For a frequency () corresponding to 2.0 GHz to 2.99 GHz, we have an anticipated axion mass () range of approximately to  eV. Using such models, we anticipate a projected halo axion density () of around 0.1–0.3 GeV/cm3. The ideal working temperature ( or ) for the detector and cavity has to be kept around 10–20 mK whereas the ambient temperature for amplifiers is to be maintained at less than 4 K with their noise temperatures not exceeding 2 K. These constitute the basic parameters for the possible implementation of our simple (and yet phenomenological) model detection scheme to test its viability, as a proof of the principle; however, these do not constitute as a complete set of parameters or mandatory ingredients of an actual dark matter experiment.

2. The Experiment

2.1. Overview

Working on the similar lines of conventional cavity-based light dark matter experiments, we propose here a modified experiment and the associated detection scheme involving a new detector design, with a hope that it might offer a valuable detection strategy for the postulated Skivie axions in the prescribed axion mass range. The salient features of this scheme are, at first, an enhanced resonance detection methodology, secondly, a simpler magnetic field solution using an array of permanent Halbach magnets, and finally, a simpler dc read-out scheme. Figure 2 illustrates an overview schematic of our proposed experiment. The design of the detector is based on two elements, first, the use of a tunnel diode (TD) [14] installed at the cavity along with the SQUID serving as the main detector, and second, a cryogenic Ultra-Low-Noise Amplifier (ULNA), a modified low-temperature, and very low noise form of a conventional Low-Noise Amplifier (LNA) [15], working in closed loop with the front-end detector. This ULNA is a marginal oscillator design [16] integrated with the TD detector, working as a Combo TD-ULNA detector-amplifier for enhanced, or possibly the best possible, resonance detection.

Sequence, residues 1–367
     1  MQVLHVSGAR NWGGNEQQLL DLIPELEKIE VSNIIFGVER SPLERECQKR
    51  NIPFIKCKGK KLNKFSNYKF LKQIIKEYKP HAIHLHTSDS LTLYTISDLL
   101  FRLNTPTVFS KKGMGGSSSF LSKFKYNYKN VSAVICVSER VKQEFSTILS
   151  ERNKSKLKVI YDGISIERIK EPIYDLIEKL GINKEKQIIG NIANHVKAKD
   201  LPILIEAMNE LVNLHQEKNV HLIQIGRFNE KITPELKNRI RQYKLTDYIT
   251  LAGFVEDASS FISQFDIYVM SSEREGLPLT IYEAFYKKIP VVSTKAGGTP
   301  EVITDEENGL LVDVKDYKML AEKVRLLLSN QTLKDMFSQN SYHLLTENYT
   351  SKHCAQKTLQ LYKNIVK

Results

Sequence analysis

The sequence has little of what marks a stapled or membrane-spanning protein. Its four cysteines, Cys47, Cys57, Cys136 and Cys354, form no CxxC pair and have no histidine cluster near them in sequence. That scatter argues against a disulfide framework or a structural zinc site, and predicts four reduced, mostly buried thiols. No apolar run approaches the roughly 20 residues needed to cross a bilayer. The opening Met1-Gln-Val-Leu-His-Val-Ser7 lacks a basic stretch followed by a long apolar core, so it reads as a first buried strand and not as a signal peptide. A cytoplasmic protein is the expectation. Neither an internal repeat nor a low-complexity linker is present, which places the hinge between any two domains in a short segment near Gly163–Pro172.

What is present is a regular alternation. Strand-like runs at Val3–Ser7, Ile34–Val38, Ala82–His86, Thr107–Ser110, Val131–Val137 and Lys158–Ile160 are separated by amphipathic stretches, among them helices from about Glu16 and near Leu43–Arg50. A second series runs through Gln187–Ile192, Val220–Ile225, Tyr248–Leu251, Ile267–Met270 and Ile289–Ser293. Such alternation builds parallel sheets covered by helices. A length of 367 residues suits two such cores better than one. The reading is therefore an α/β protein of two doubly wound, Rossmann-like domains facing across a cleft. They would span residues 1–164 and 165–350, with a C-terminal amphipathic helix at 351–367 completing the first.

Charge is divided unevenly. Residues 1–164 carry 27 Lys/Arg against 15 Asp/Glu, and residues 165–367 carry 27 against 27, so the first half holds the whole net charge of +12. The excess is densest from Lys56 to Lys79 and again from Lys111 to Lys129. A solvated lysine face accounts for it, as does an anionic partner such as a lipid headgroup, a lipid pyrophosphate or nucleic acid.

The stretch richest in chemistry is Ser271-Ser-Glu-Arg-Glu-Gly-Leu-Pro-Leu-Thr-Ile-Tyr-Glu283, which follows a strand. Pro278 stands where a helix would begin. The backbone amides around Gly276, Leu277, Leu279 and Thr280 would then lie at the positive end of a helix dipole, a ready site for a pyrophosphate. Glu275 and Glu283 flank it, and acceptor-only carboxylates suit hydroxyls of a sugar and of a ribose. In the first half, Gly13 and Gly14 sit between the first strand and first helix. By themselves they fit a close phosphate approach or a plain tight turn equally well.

Figure 2: Overview of the proposed experiment (and a cartoon of axion-photon conversion in the cavity) built around a resonant RF cavity and a magnet assembly. The detector is a tunnel diode and LNA is a Low-Noise Amplifier, whereas the magnet assembly is an array of Halbach permanent magnets.

As per our design, the TD becomes an integral part of the ULNA oscillator, which together with the cavity LC tank, creates the resonance in conjunction with the electromagnetic fields present in the cavity, thus in effect enhancing the power of any faint photons produced within as a result of possible axion conversions. By exploiting the negative conductance features of the integrated TD-HEMT oscillator, one can achieve a sensitive and simple resonance detection methodology. Since a tunnel diode is a very low noise device, especially at around 10 mK ambient temperature, the total amplifier noise is not more than any other HEMT based LNA scheme. The noise temperature can be reduced further by using a cascode configuration or by employing multiple amplifiers working in parallel to reduce noise statistically.